The model for podcast engagement is built on some relatively old technology, but outside of issues around analytics it’s actually central to my enjoyment of the medium. At the core, it’s really just RSS for audio content instead of blog posts. This is why shows operate on a subscription basis, as one signs up for the syndication feed in order to have each new episode delivered to one’s podcast app of choice. Though it seems a little strange, I’ve often found this model endearing, and one that provides many unexpected delights. Shows I’ve loved over the years that have gone dormant have a way of popping back up unexpectedly. Subscribing to a show is a tiny act of loyalty, one that doesn’t happen in many other mediums, acknowledging to its creators that the audience want more of what they’re creating, whenever they create it.
A few weeks back while scrolling through my feed I saw that there was, out of the blue, a new episode from Everything Is Stories, a podcast whose narrative non-fiction work had captivated me back in 2015. I wrote glowingly about it for The A.V. Club then, but following a handful or releases in the ensuing years, I feared that the show had ended altogether. Prior to their recent resurrection, EIS hadn’t produced a new episode in over a year, so you might imagine my surprise at not only a new two-part episode but also one of such intriguing content.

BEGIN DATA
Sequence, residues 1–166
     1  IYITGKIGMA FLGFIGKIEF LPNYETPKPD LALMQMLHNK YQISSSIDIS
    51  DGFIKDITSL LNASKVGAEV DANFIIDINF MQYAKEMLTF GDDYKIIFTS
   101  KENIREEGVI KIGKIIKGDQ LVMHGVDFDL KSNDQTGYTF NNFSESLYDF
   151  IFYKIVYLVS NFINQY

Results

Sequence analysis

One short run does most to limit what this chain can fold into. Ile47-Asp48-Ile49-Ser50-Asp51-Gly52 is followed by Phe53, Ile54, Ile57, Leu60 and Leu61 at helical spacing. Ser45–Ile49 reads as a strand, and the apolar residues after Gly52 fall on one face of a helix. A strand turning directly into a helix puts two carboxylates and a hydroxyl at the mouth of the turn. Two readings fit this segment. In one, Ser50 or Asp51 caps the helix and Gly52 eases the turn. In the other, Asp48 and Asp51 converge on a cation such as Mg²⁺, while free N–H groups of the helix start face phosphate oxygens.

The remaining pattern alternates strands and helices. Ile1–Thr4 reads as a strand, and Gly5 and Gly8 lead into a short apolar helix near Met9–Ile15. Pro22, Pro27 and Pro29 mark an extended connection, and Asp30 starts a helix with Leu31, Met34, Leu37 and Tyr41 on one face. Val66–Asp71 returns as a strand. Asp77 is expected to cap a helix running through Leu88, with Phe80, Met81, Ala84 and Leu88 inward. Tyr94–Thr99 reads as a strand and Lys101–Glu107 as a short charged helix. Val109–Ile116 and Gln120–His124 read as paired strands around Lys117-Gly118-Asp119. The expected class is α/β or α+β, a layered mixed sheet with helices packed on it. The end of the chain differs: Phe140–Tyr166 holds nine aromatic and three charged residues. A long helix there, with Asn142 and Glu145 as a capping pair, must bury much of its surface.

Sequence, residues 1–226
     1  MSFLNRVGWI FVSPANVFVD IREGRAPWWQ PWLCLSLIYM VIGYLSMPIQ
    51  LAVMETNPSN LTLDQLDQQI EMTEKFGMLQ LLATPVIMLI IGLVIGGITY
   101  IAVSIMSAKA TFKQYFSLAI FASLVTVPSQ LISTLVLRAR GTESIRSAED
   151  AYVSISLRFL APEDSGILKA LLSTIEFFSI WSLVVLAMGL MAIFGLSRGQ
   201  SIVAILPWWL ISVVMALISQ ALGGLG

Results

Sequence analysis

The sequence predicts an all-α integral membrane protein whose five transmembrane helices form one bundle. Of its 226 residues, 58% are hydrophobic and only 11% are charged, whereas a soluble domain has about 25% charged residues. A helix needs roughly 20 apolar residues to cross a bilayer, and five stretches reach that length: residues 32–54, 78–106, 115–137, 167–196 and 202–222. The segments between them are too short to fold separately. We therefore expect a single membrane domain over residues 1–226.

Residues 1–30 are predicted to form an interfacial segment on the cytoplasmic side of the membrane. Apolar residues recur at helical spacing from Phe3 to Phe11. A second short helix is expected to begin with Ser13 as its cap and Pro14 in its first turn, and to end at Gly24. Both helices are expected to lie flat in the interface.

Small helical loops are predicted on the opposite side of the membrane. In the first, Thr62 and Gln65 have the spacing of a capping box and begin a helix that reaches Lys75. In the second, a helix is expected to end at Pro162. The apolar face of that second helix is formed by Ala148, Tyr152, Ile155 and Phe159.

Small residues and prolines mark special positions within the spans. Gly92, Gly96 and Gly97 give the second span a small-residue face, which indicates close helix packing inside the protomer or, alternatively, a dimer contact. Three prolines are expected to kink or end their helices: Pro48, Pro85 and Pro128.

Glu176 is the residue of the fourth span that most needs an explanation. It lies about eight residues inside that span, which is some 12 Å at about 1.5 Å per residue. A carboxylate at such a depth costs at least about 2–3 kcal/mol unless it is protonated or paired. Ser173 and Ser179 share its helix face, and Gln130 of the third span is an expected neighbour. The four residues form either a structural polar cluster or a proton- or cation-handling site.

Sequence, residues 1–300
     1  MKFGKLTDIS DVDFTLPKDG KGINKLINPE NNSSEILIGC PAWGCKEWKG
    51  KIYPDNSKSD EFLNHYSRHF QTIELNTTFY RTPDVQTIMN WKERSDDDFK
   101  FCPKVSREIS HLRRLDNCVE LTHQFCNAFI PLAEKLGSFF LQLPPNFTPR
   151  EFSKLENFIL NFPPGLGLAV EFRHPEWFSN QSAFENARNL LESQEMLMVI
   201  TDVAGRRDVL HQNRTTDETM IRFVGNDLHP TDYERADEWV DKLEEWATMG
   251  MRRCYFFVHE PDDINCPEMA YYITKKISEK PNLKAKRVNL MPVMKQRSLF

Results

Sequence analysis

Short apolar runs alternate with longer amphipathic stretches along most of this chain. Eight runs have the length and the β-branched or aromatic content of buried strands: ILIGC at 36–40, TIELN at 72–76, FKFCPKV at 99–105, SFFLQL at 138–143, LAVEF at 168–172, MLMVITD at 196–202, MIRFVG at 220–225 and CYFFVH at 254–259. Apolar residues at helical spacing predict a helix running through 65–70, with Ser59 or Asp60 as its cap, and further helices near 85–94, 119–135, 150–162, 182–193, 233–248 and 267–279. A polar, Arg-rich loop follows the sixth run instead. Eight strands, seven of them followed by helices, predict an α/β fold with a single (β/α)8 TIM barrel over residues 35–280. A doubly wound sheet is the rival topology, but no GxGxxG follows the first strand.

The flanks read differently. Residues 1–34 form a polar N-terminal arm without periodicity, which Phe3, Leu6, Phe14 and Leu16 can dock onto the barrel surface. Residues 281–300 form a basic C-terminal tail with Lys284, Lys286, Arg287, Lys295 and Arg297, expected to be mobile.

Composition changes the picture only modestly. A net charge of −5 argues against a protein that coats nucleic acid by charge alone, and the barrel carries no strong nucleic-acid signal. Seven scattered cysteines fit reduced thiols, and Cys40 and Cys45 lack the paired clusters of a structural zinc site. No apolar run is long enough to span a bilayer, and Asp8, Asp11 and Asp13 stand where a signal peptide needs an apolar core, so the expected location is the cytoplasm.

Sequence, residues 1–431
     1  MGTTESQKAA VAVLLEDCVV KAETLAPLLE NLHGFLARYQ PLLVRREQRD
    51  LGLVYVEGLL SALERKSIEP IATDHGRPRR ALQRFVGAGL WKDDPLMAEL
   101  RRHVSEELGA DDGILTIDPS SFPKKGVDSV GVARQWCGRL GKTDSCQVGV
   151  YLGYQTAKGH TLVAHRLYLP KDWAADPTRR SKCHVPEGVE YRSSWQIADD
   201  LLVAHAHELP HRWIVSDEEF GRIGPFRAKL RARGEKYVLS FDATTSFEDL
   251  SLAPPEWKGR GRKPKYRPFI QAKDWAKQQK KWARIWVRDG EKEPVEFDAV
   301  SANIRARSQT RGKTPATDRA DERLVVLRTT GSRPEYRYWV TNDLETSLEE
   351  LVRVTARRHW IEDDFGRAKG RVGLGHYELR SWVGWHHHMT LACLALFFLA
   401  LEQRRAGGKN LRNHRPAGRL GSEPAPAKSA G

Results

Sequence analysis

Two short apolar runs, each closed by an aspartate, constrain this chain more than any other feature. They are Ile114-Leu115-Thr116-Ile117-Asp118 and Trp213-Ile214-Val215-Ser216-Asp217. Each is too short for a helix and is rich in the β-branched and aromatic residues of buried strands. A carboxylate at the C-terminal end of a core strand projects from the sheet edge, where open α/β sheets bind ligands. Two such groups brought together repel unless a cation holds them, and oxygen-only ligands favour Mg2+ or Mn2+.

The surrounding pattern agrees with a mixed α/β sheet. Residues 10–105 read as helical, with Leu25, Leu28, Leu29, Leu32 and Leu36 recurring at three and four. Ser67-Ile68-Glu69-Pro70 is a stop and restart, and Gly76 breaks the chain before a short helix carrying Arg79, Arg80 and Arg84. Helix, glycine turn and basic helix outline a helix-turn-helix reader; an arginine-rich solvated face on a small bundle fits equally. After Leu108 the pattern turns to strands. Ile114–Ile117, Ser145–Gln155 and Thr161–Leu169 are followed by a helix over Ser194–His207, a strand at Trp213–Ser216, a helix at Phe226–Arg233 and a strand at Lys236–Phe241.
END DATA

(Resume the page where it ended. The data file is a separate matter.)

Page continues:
The latest in the show’s long line of engrossing stories is one of particular excitement for me, as the EIS crew profile the life of Jerry Torre, who a handful of readers might know as the enigmatic, seemingly out-of-place handyman in Albert and David Maysles’ cult documentary Grey Gardens. Though his appearances in the film are minimal, they left a mark on me. Here was this seemingly normal person intimately involved in the reclusive lives of the Ediths Beale, and without judgment of their unorthodox, squalid way of living. I practically leapt with joy at the idea of getting to hear the story from his side, but what I found was much more captivating.